US: Heroin an urgent 'public health crisis'
U.S. Attorney General Eric Holder on Monday called an increase in heroin-related deaths an "urgent and growing public health crisis" and said first responders should carry with them a drug that can reverse the effects of an overdose.
The video message posted on the Justice Department's website reflects the federal government's concern about the growing prevalence of heroin and prescription painkillers. The number of overdose deaths involving heroin increased by 45 percent between 2006 and 2010, according to White House Office of National Drug Control Policy.
"Addiction to heroin and other opiates, including certain prescription pain-killers, is impacting the lives of Americans in every state, in every region, and from every background and walk of life—and all too often, with deadly results," Holder said in the message.
His public support for an antidote that could be used to rescue overdosing drug users mirrors the position of the White House drug policy office, which has also urged all first responders to have the medication on hand. At least 17 states and the Washington, D.C.—allow naloxone—commonly known by the brand name Narcan—to be distributed to the public, and bills are pending in some states to increase access to it.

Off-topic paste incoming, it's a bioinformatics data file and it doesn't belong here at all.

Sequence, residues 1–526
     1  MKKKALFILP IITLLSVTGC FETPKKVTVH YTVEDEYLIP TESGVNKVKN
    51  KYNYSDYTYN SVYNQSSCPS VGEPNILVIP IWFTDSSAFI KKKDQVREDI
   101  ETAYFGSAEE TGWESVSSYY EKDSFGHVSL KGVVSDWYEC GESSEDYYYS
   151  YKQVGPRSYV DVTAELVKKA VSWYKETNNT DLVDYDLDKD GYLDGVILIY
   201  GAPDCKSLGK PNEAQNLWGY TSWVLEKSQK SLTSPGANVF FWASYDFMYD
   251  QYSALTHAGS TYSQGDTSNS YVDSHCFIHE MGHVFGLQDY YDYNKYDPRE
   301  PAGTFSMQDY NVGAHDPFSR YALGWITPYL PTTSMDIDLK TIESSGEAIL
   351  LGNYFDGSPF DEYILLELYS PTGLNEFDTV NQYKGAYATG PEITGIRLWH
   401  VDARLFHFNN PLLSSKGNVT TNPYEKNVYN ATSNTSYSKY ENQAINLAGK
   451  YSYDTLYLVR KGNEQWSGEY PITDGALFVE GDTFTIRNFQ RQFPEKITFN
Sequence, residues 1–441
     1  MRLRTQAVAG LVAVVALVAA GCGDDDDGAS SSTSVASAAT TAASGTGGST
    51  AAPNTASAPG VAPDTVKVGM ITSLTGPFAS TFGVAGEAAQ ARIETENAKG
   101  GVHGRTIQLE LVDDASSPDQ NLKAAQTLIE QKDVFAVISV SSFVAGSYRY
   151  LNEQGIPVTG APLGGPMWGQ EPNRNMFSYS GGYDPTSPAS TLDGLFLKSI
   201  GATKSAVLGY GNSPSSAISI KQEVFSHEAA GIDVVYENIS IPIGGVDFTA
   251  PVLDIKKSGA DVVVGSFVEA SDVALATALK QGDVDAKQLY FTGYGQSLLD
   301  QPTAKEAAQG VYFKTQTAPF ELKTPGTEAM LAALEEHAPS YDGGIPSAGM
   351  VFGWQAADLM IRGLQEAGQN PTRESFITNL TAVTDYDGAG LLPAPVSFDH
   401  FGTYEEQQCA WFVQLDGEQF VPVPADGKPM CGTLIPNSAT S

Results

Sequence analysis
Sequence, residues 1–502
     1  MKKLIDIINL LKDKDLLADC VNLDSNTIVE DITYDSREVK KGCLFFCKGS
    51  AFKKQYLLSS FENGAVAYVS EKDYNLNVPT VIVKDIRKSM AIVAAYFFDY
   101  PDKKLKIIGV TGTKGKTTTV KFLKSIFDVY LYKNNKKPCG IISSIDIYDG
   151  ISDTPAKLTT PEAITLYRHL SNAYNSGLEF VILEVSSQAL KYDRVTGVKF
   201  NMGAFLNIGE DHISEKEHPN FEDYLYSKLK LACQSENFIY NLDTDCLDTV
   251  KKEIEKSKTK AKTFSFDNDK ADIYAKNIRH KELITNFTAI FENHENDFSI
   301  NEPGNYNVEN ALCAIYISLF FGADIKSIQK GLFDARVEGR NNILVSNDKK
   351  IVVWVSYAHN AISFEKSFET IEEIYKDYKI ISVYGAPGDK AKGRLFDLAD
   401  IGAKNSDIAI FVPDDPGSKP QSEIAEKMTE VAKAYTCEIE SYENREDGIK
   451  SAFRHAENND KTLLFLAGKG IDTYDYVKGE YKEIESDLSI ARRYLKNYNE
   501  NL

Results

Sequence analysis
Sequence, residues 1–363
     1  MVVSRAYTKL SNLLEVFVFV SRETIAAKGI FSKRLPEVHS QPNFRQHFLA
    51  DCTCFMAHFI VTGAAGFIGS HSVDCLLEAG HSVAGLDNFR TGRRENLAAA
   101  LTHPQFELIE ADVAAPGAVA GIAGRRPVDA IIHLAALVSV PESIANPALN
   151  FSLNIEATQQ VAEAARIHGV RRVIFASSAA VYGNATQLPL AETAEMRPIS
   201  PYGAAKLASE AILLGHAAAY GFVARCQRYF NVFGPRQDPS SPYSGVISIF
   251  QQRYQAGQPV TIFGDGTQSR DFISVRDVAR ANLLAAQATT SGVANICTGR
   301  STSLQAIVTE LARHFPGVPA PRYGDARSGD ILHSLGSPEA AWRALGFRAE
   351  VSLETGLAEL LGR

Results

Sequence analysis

Advocates say Narcan, which comes in a spray and injectable form, has the potential to save many lives if administered within a certain window. But critics fear that making the antidote too accessible could encourage drug use.
Holder said law enforcement is combatting the overdose problem, including by cutting off the supply chain that illicitly furnishes prescription painkillers to drug addicts. But he said more work is needed to prevent and treat drug addiction.
"Confronting this crisis will require a combination of enforcement and treatment. The Justice Department is committed to both," he said.
Bill Piper, director of national affairs for the Drug Policy Alliance, a group that advocates against what it sees as "the excesses" of the war on drugs, said in addition to promoting broader access to Narcan, the Justice Department should also back better education about heroin abuse and promote "Good Samaritan" laws that protect from prosecution individuals who call police to report an overdose.
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